Active Versus Passive Low-Volatility Investing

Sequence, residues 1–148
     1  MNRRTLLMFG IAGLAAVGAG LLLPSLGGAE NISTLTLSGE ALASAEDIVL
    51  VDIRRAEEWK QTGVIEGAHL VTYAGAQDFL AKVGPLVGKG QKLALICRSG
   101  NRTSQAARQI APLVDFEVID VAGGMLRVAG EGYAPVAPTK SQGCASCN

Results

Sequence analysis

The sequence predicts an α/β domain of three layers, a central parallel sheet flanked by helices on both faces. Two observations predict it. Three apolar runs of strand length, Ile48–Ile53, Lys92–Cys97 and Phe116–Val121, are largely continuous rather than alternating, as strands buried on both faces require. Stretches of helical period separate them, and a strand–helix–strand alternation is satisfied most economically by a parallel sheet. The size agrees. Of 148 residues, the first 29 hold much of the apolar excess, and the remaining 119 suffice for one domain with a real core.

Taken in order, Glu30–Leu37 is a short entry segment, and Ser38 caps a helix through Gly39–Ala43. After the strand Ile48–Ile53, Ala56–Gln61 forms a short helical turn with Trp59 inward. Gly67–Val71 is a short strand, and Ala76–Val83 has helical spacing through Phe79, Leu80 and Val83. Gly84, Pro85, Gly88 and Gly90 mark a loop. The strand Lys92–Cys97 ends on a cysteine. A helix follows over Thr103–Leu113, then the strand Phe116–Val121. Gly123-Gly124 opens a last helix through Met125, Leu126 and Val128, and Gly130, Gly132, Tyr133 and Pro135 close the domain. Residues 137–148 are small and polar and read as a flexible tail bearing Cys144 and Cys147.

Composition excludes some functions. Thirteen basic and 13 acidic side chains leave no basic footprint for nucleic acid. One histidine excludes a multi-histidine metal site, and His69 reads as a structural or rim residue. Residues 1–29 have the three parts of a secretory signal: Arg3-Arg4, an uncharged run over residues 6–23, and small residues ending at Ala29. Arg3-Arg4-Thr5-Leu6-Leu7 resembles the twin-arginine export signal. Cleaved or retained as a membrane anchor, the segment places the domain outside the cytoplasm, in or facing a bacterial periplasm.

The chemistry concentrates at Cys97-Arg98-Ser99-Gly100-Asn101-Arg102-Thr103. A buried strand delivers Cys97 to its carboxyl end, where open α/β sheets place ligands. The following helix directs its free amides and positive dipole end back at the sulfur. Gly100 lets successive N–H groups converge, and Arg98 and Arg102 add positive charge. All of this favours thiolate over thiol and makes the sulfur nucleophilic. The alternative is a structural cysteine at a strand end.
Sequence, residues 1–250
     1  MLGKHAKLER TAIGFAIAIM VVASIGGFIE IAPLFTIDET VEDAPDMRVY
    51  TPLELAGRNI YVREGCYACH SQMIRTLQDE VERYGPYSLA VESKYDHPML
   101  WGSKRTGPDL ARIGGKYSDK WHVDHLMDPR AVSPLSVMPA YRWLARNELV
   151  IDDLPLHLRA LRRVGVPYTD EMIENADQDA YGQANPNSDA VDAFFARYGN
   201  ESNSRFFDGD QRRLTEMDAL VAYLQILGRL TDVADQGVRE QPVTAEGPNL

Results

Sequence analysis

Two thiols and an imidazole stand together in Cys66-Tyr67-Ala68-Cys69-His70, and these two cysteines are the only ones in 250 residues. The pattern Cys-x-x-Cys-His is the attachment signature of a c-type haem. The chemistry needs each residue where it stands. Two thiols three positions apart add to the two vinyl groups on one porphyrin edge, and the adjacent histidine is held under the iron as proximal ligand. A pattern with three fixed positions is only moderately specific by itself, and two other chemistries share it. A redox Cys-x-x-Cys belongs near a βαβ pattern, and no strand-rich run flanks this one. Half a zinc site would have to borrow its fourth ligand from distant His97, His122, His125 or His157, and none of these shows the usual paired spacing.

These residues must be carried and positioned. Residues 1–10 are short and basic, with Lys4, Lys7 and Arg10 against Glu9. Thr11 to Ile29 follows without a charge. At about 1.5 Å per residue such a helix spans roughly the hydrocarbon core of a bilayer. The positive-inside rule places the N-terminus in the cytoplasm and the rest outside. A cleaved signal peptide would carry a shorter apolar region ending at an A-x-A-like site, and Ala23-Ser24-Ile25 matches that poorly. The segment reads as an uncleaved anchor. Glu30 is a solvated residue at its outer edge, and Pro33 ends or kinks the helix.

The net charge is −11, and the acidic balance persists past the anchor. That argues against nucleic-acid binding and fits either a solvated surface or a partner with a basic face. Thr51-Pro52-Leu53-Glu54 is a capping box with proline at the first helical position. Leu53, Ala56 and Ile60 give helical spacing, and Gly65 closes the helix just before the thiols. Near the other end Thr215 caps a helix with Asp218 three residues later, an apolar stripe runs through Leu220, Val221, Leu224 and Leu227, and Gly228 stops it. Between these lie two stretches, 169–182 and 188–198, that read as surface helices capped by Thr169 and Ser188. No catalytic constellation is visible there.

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1 Active Versus Passive Low-Volatility Investing Introduction ISSUE 3 October 013 Danny Meidan, Ph.D. (561) Low-volatility equity investing has gained quite a lot of interest and assets over the past few years. The primary objective of low-volatility investing is to reduce the volatility of equity portfolios without sacrificing long-term returns relative to capitalization-weighted indices. In theory, this should be possible to do if capitalization-weighted indices are not on the meanvariance efficient frontier. Investors currently have a multitude of low-volatility investment offerings from which to choose. These offerings include passive low-volatility portfolios from traditional index providers, such as S&P or MSCI, and active investment offerings from investment management firms that are primarily quantitative in nature. In addition, some fundamental managers also offer solutions that attempt to reduce the overall volatility of equity portfolios. This article attempts to highlight the limitations of so-called passive low-volatility indices relative to some of the more active offerings that are available from various quantitative managers. Important Things to Look For in Low-Volatility Equity Strategies To facilitate a more effective discussion, we first introduce some key concepts concerning risk and returns that are highly important when considering low-volatility portfolios. The first point we would like to raise is that as the number of stocks in a portfolio increases, the correlations between the stocks play an increasingly important role in determining the overall portfolio risk. To understand this argument, recall that the total risk of a portfolio of stocks can be written as follows: i, j Variance of Portfolio Returns = N N i 1 j 1 w i w j i where is the covariance between stock i and stock j, i, i i is the variance of stock i, and N is the number of stocks. This expression has N elements contributing to the total risk of the portfolio, each element involving either the variance of a particular stock (and its squared weight in the portfolio) or the covariance between two specific stocks (and the product of their weights in the portfolio). If we were to place each one of these N components in a matrix, such as the one depicted in Figure 1, then the sum of all the elements in the matrix is the total risk of the portfolio. 1 Moreover, of the N elements contributing to the total risk of the portfolio, the N elements in the diagonal of the matrix involve the N variance terms, while the remaining N -N terms in the off-diagonal of the matrix involve the covariances among the stocks. Consequently, for a portfolio consisting of 1000 stocks, the total risk is determined by the 1000 variance terms and the 999,000 covariance terms. In other words, as the number of stocks increases, it is primarily the covariance terms that determine the total risk of the portfolio rather than the variance terms. Moreover, the covariance terms depend on the volatilities of the individual stocks, but their sign and magnitude are also influenced by the correlation of the relevant stocks returns. As a result, all else equal, if the correlation between two stocks is negative or extremely low, the total contribution to the portfolio risk from the interaction between those two stocks will also be negative or very low. Stock 1 Stock Stock 3 Stock N-1 Stock N, j Stock 1 Stock Stock 3 Stock N-1 Stock N Figure 1: Elements Contributing to Total Portfolio Risk 1 Using this type of decomposition, the contribution to total risk from each individual stock can be viewed as the sum of all the elements in its corresponding row (or column). The covariance between two stocks is computed as the product of the estimated standard deviations of the two stocks multiplied by the correlation coefficient of the two stocks. Mathematically this is: C , 1 1, FOR INSTITUTIONAL INVESTOR USE